Wednesday, August 4, 2010

April 25, 1932


Actress and Fourth Industry Fight “Battle of Century”

By Chester B. Bahn - April 25, 1932
Although you may look in vain for a mention of the fact in the display copy prepared by Harry F. Shaw for Loew’s current show, one of the concluding rounds in what I like to consider Hollywood’s own “Battle of the Century” is being fought on the stage this week.

The principals in this unheralded bout are Miss Alice White, who weighed in at 90 pounds, and the more corpulent Fourth Industry of Elder Will Hays.

No world’s champion belt, diamond studded, but something which she deems more valuable still is the prize for which Miss White contends. In a word, it is vindication.

Months ago, the Fourth Industry, through the medium of her own studio, told the petite blonde who had climbed the financial ladder from the $35 a week rundle to that tagged $2000, “You’re through here, here’s your make-up box and don’t slam the studio gate.”

Why? Well, that wasn’t exactly clear. I mean the real reason.

For purposes of publication it was more than merely hinted Miss White’s screen vogue was over; her fan clientele allegedly had deserted. There is, of course, a different explanation to be found somewhere in Hollywood.

Perhaps Alice was too frank; there are those in Hollywood who “can’t take it.” Or maybe someone thought $2000 a week was too much for a young woman who had been a script girl at $35.

At any rate, Miss White walked the plank and the Fourth Industry assumed that was that.

Only it wasn’t. The uncomplimentary gossip which resulted rankled, did more, burned until Alice determined to be “hot from Hollywood” via a transcontinental personal appearance tour. It was her way of challenging the industry to a grudge fight – filmdom’s unadvertised but none the less real “Battle of the Century.”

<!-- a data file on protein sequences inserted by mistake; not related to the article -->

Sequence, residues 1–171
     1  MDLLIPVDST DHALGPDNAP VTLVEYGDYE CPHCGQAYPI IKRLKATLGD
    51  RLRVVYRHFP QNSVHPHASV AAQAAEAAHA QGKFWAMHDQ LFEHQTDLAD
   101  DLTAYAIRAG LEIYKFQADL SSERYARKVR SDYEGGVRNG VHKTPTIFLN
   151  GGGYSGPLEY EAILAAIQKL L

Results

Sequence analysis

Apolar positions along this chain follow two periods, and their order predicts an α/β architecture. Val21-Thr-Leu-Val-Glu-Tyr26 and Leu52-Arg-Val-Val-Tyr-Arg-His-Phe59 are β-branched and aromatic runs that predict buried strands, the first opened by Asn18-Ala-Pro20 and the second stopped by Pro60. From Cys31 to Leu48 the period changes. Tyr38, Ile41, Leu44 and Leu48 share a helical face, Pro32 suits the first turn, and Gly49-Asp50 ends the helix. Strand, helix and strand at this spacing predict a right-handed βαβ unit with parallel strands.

One of the concluding rounds, as I have said, is taking place on the stage this week, and if you don’t think the Industry is taking a swell licking, you don’t know show business.

Indeed, no less than three of the boys in the Industry’s corner are for tossing in a sponge in the guise of a contract, but Alice insists the fight must go the scheduled full number of rounds.

That means three more weeks of trouping for the actress, with the remaining rounds set for Akron, Youngstown and Cincinnati. Then, with the assured decision and vindication, Miss White will return to Hollywood and talk business with one of the three interested studios.

But – and on this point Miss White is emphatic – her starring days are over; only the security that is a featured player’s will content her.

Alice, you see, has lived and learned.


By Richard C. Wilson
Hollywood, Cal., April 25 (UP)

A new fad has hit Hollywood’s movie colony.

The latest vogue of the film celebrities promises to keep that venerable old bird – Dr. Stork – hovering over this vicinity for some time. The most recent announcement, that of Helen Twelvetrees, one of the screen’s prettiest stars, will bring the bird of a visit in October.

Hollywood, to the observer, is just one fad after another. Most of the fads are started by popular screen stars. Just who popularized the current “blessed event” vogue was a subject for debate around the studios today.

The “baby fad” first attracted attention among the movie folk several months ago when Wallace Beery let his fondness for children be known by adopting a small boy.

Neil Hamilton adopted a youngster. Pickfair, the magnificent estate of Mary Pickford and Douglas Fairbanks, became accustomed to the patter of small feet when Mary and Doug took Lottie Pickford’s children to raise.

There was a time when actresses of the screen shunned public mention of their children. It was believed that movie fans preferred not to know that their favorite vampire was the mother of a husky young son or daughter.